Sunday, July 10, 2011

The Midwife's Confession: I can't believe I read the whole thing

The Midwife's ConfessionThe Midwife's Confession, by Diane Chamberlain
My rating: 2 out of 5 stars

Every once in awhile I start reading a book, and I think "meh...this is not really hooking me," but I continue carrying on. In this case, I had found this book on the library shelves and thought it sounded interesting enough. I always look books up on Goodreads if I find them that way, and this book's reviews were overwhelmingly positive. However, both Goodreads and Amazon had only 30 reviews or so, and for all I know, they could have all been written by the author's friends!

I didn't notice until I was almost finished that a Harlequin publishing house, Mira, published this book.  I have never read a Harlequin book--and even though this is not your typical Harlequin romance--the writing rang similar. Formulaic and lifeless. The author had written many other books and I'd never heard of any of them--both of those should have been dead giveaways.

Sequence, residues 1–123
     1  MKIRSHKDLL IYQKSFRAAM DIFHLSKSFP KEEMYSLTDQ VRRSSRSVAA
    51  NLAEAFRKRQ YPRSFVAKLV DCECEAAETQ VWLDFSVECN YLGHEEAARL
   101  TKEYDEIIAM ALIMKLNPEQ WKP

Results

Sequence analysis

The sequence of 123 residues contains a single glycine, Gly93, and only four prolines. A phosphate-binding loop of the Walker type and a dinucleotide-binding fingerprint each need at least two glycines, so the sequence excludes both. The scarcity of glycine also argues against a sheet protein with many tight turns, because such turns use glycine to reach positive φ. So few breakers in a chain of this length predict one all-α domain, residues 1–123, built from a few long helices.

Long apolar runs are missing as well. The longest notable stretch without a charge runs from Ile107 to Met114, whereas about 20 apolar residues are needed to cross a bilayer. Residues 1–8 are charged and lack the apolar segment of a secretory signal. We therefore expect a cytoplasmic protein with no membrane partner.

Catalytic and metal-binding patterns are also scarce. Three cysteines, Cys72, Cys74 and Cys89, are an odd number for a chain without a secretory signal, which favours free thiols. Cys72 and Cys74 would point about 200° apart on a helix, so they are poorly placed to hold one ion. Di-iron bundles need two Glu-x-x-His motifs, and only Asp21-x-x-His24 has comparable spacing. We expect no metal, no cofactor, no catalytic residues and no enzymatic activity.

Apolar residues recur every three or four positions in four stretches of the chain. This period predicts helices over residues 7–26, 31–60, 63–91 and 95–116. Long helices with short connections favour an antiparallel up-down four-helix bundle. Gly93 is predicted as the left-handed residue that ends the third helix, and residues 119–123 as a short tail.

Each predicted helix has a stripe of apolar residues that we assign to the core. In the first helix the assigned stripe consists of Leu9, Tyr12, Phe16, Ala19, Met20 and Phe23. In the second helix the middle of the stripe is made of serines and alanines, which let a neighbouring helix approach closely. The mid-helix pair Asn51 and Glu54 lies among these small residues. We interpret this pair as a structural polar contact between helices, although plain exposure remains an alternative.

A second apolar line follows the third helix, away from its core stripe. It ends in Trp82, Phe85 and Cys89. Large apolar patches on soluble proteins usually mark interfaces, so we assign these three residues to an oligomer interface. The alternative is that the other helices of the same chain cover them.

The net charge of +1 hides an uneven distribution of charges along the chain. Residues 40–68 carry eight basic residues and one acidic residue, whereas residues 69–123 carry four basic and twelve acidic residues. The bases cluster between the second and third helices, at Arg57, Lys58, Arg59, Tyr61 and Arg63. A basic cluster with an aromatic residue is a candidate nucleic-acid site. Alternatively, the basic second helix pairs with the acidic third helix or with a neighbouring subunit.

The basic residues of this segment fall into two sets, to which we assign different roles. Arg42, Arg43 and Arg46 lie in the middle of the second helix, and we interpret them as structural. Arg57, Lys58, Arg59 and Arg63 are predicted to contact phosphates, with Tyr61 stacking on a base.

The Midwife's Confession is not particularly well written. Chamberlain uses the passive voice constantly, and I found her characters to be shallow and one dimensional. I found the plot appealing (before I started reading): two friends try to discover why their other dear friend commits suicide...but it fell flat. Not only were the plot elements predictable, but they were highly unbelievable as well.

The characters annoyed me, and Noelle (the woman who kills herself) came across as difficult to fathom, even though Chamberlain has several chapters written in her perspective.

Speaking of perspective, that jumps around from chapter to chapter, from character to character and first person to third person. Why did Grace hate her mother with such passion? Is that typical of teenage girls?
Then it was all wrapped up way too nicely in the end.

I should have quit this book when I saw where it was headed. I do not recommend this--it was a waste of my time. Kind of like eating potato chips while watching a bad made-for-TV movie and pondering why you did that.

Now onto Maya Angelou--at least I know the writing will be lyrical and lovely!

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